Molecular diagnosis of orthopaedic device infection direct from sonication fluid by metagenomic sequencing
Street T., Sanderson N., Atkins B., Brent A., Cole K., Foster D., McNally M., Oakley S., Peto L., Taylor A., Peto TEA., Crook D., Eyre D.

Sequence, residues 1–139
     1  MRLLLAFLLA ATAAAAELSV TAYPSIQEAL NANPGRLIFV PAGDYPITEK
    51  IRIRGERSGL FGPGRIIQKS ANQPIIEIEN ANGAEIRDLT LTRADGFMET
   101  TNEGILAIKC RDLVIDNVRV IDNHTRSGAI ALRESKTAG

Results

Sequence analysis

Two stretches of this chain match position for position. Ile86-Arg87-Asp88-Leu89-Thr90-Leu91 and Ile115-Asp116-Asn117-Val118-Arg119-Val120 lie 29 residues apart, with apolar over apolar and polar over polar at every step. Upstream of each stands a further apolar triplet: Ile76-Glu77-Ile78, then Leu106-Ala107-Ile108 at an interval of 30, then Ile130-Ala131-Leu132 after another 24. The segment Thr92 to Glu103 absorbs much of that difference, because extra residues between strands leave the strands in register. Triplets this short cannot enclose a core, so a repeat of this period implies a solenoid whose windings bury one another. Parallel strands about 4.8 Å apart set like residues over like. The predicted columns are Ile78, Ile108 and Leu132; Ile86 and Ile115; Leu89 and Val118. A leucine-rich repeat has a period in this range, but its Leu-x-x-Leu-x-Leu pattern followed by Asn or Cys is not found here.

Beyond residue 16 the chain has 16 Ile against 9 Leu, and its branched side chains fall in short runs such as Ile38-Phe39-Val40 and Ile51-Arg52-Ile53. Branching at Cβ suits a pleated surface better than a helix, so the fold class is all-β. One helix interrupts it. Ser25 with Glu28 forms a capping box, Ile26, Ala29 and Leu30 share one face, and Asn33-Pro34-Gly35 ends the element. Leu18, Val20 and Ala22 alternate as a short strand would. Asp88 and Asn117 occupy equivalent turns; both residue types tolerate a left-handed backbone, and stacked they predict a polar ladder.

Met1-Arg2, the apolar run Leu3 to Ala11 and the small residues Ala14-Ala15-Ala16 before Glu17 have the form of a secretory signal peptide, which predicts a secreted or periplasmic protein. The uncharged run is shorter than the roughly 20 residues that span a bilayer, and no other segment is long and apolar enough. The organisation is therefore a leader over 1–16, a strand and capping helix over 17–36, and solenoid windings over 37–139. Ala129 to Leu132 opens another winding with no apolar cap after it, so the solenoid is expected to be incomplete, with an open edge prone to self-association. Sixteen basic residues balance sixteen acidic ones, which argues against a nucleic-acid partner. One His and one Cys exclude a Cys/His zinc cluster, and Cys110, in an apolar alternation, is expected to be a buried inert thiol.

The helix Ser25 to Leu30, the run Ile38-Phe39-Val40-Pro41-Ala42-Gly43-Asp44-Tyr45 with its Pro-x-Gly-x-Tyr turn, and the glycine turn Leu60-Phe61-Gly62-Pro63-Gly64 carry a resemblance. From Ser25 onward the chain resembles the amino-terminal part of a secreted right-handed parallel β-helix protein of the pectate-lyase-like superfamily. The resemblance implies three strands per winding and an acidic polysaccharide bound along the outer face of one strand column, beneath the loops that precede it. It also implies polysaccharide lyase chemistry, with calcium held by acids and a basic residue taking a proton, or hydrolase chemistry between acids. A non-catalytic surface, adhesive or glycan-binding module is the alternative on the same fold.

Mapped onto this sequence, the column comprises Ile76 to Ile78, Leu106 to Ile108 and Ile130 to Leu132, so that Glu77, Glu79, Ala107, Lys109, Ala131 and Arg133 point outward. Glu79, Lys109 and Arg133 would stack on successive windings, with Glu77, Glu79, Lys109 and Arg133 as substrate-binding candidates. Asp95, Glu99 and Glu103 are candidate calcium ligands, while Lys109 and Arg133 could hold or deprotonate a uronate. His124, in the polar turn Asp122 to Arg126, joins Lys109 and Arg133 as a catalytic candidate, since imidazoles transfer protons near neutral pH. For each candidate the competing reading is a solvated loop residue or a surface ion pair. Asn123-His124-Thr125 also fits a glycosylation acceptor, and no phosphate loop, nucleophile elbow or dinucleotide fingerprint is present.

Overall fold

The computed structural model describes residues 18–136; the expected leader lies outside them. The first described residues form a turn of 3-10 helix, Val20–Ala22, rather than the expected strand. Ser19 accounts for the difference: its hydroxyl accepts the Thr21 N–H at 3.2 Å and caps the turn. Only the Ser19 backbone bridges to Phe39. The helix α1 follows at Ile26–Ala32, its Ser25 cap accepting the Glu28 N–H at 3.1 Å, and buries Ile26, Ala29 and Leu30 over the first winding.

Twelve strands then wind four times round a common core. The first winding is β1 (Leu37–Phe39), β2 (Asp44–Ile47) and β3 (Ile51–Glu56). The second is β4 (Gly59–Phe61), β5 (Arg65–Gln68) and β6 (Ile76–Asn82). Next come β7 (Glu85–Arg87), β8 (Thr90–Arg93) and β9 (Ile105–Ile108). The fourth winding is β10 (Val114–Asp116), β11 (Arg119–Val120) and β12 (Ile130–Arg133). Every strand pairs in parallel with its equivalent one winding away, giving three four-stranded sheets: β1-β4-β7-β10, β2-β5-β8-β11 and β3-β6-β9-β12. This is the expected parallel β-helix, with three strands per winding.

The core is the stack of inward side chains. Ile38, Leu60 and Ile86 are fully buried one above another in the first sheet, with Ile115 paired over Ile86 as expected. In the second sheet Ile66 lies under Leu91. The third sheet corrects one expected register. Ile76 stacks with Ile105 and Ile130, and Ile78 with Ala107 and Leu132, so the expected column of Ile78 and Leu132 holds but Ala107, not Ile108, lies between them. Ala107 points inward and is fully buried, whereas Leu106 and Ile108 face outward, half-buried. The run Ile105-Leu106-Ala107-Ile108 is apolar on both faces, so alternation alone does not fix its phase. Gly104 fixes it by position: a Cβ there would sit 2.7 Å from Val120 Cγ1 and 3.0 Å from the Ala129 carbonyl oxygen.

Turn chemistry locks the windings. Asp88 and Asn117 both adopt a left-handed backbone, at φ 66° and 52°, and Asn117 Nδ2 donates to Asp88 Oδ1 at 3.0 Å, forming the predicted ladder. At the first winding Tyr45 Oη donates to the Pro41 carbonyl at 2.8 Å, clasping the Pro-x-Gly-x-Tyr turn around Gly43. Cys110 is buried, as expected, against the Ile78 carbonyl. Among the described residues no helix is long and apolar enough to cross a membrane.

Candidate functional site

Abstract Culture of multiple periprosthetic tissue samples is the current gold-standard for microbiological diagnosis of prosthetic joint infections (PJI). Additional diagnostic information may be obtained through sonication fluid culture of explants. However, current techniques can have relatively low sensitivity, with prior antimicrobial therapy and infection by fastidious organisms influencing results. We assessed if metagenomic sequencing of complete bacterial DNA extracts obtained direct from sonication fluid can provide an alternative rapid and sensitive tool for diagnosis of PJI. We compared metagenomic sequencing with standard aerobic and anaerobic culture in 97 sonication fluid samples from prosthetic joint and other orthopaedic device infections. Reads from Illumina MiSeq sequencing were taxonomically classified using Kraken. Using 50 samples (derivation set), we determined optimal thresholds for the number and proportion of bacterial reads required to identify an infection and validated our findings in 47 independent samples. Compared to sonication fluid culture, the species-level sensitivity of metagenomic sequencing was 61/69(88%,95%CI 77-94%) (derivation samples 35/38[92%,79-98%]; validation 26/31[84%,66-95%]), and genus-level sensitivity was 64/69(93%,84-98%). Species-level specificity, adjusting for plausible fastidious causes of infection, species found in concurrently obtained tissue samples, and prior antibiotics, was 85/97(88%,79-93%) (derivation 43/50[86%,73-94%], validation 42/47[89%,77-96%]). High levels of human DNA contamination were seen despite use of laboratory methods to remove it. Rigorous laboratory good practice was required to prevent bacterial DNA contamination. We demonstrate metagenomic sequencing can provide accurate diagnostic information in PJI. Our findings combined with increasing availability of portable, random-access sequencing technology offers the potential to translate metagenomic sequencing into a rapid diagnostic tool in PJI.